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“I know that that's seen as kind of weird, but I think learning to be by yourself is very, very important,” Traver said. “And you hear that so much, but it's so true. Because really the only person that you know you will have for the rest of your life is yourself. You are stuck with yourself whether you like it or not, you might as well learn to love it.”

Traver has not always had this mindset. Before she could happily date herself, she had both positive and negative experiences with relationships. She said that one of her earliest relationships was a very unhealthy and toxic situation.

“I wanted him, so badly, to like me,” Traver said. “So, when he would give me those small little doses of reassurance and validation and attention, I took that and ran with it. It was like a drug sort of… He would tell me he loves me and then not talk to me for like a week.”

Traver said that this relationship caused her to have issues with trust. After they broke up, it become hard for her to believe what men told her. It caused insecurities in herself further down the road and in other relationships. In her next relationship, she experienced a similar pattern of unhealthiness.

In the past, Traver said she would describe herself as “boy crazy”. Because she did not get a lot of male attention in high school, coming to college and being surrounded by so much of it consumed her. This year, however, she has taken a break from her previous dating experiences and has learned to appreciate being single.

“Being single allows you to really find yourself and focus on yourself,” Traver said. “It's just so cliche and it's so over said but there is a lot of value in focusing on yourself. I would not trade my experience for anything.”

Traver said that she used to be jealous of people in long-term relationships but has shifted her mindset and now believes they should be jealous of her. She likes that she has the option to go out on dates and meet different types of people to find out what she does and doesn’t like. College, she said, is a time for her to find out what she wants before she goes into the “scary real world”.

“My expectations, if any, are more to just chill out, let life do its thing, let time run its course,” Traver said. “And if it's meant to be, it’ll be. I really do believe that ... I just remind myself this is a season of growth and this is a time that you should be enjoying.”

So, for the time being, Traver will continue to take herself on dates, even if others think it’s weird.

“I struggled for so long with being by myself. I hated it,” Traver said. “And I still struggle with it ... But just learning to be okay with being by myself and kind of learning to enjoy it ... That's a huge lesson that comes out of being single.”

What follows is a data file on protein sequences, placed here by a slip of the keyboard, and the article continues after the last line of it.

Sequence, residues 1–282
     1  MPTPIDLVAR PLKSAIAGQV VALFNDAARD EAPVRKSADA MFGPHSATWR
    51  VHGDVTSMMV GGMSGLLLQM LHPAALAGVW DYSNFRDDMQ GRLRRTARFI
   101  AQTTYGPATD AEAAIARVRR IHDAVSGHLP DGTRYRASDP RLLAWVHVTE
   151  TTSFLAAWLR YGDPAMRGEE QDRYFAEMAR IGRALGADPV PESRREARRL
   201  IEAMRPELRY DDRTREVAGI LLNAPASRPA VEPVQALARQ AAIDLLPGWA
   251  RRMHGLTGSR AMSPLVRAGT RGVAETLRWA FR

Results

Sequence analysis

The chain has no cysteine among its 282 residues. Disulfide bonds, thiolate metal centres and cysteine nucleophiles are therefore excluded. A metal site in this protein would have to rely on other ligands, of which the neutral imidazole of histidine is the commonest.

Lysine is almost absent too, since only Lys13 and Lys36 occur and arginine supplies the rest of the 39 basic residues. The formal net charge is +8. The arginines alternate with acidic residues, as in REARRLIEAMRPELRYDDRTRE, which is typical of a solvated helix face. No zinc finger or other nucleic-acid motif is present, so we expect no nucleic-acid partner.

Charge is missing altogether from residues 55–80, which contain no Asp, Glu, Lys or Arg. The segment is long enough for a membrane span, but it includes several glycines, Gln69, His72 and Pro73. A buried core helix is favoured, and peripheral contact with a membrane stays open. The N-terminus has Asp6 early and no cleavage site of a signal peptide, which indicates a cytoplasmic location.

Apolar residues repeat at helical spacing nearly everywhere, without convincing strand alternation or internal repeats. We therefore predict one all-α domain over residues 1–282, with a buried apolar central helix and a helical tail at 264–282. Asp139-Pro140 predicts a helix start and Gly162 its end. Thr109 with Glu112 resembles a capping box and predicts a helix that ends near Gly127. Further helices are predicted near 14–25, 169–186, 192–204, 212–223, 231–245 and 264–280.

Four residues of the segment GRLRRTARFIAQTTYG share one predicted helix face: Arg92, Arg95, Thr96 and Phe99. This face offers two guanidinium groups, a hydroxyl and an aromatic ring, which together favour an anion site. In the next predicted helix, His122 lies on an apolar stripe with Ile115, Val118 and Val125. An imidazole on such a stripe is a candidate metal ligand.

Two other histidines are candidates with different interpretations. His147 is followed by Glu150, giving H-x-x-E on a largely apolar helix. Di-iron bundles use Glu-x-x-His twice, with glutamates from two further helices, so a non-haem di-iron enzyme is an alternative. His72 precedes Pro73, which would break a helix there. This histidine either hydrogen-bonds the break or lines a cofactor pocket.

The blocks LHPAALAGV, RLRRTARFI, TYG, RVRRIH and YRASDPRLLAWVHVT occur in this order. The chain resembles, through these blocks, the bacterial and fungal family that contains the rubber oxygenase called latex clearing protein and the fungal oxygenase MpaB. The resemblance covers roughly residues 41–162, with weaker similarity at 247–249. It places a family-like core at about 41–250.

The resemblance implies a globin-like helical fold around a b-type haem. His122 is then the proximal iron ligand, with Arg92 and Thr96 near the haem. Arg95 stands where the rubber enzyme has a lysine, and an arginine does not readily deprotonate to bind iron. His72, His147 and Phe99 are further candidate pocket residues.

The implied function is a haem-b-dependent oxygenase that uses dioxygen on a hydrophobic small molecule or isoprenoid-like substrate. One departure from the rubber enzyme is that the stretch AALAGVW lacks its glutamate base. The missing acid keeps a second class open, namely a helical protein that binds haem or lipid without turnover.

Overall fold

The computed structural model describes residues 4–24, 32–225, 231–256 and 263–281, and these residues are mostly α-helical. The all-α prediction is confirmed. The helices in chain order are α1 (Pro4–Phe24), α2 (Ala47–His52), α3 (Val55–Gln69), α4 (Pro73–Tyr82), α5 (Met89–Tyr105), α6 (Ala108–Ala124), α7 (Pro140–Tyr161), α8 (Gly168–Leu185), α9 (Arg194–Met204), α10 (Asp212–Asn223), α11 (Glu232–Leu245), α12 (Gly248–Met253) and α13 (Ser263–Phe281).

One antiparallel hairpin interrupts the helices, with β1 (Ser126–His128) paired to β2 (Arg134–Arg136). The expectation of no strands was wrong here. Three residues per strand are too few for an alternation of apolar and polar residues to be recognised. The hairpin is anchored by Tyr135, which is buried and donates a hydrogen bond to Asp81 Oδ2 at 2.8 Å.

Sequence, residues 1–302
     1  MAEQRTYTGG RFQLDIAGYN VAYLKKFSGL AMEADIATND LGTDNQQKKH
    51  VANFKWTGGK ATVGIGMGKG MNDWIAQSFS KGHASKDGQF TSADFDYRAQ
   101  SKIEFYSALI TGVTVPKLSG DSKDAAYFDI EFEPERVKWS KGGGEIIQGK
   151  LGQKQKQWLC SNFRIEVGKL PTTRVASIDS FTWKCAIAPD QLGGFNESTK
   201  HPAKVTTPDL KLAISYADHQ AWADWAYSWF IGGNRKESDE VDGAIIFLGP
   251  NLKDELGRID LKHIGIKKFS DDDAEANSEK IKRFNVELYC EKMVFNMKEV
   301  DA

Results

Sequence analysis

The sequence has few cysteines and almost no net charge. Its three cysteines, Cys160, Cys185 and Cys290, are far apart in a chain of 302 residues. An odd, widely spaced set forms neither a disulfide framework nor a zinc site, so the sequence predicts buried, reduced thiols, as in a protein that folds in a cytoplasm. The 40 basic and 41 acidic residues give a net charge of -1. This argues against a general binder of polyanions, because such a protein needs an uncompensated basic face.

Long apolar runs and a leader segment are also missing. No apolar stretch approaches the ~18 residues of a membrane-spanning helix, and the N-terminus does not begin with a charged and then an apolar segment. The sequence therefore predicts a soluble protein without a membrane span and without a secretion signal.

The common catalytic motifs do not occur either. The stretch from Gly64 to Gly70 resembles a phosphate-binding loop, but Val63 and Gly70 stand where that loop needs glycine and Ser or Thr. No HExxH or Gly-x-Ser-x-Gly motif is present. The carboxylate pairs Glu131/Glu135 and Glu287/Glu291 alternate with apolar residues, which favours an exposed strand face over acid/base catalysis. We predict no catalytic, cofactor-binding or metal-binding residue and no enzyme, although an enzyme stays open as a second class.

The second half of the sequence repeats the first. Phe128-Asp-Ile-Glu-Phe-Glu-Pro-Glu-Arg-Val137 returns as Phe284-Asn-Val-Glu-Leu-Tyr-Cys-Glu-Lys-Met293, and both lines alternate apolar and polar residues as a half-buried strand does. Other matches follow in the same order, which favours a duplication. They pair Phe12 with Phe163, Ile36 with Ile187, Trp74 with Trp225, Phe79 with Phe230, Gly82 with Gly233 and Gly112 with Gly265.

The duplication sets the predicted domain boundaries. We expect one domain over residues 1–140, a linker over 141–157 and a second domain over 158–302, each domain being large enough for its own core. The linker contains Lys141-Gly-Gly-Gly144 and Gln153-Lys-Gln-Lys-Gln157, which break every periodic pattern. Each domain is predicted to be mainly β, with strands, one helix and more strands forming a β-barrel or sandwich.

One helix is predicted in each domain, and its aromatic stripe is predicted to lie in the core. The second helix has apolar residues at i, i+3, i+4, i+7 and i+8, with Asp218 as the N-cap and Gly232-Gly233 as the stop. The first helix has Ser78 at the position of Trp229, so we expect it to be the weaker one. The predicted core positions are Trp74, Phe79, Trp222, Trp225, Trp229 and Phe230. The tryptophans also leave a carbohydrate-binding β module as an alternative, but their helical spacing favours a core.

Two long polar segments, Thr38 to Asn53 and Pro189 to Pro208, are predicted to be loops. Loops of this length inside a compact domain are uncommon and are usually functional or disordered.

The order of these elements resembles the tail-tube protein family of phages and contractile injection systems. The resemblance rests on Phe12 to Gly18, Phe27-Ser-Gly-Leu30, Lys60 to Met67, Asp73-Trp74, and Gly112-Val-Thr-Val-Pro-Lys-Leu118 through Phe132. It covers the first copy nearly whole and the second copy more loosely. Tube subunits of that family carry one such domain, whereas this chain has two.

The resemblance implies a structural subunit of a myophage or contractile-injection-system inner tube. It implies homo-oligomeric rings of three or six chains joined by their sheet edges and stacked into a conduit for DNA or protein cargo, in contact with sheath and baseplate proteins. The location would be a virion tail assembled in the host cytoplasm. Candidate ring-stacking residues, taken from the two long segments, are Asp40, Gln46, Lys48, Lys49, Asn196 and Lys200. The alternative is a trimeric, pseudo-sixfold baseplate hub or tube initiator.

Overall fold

"Everyone says, 'The 20s are your time to find yourself' and it really does feel like I'm kind of living that out.”

International relations senior Olivia Antal is not in a relationship right now, nor does she want to be in one. While she enters the next phase of her life, she is glad to not have to worry about making room for someone else’s plans.

“I think personally, I'm in a stage where I'm very comfortable being single, especially as a senior in college,” Antal said. “It's nice to be single and knowing that I can do anything after college and not really have to think about anyone else in a serious context like that.”

While Antal is single right now, this has not always been the case. During her sophomore year of college, while all MSU classes were online, she entered into her first long-term relationship. While dating during COVID-19 presented challenges, things changed more after school returned to normalcy, ultimately leading her to a breakup.

“College kids already have so much going on and adding a serious relationship into it ... is something you really do have to work on and is a whole other responsibility," Antal said.

Antal has been enjoying the freedom that comes with being single. She said that while she was in a relationship, she would consider studying abroad, but the thought of leaving him behind was something that held her back. 

Antal isn't actively looking for a partner right now, but she doesn't think it's a bad thing to be in either a serious or lighthearted relationship during college. 

"I do think that your life is going to change a lot after college and having to look seriously at the relationship would be crucial," Antal said. "But I also think a lot of people do meet like their lifetime partners in college.”

Antal said that dating at MSU and in college, in general, is interesting in the sense that it is centered around bars and parties. This causes a lot of people, she said, to talk about dating as a networking event and that it’s just about being comfortable talking to people. 

It takes a lot of confidence, Antal said, to be able to meet someone in these kinds of environments. 

Before her serious relationship, Antal said she had a lot of time to become secure with herself and learn who she is. During quarantine, she did a lot of growth and development and was able to sustain it.

“I think maybe last year, I would have been like, 'Oh, like it'd be nice (to be in a relationship),'" Antal said. "But now, especially just where I'm at, applying to master's programs across the world and things like that, it's really nice to not have that one other thing to think about. Everyone says, 'The 20s are your time to find yourself' and it really does feel like I'm kind of living that out.”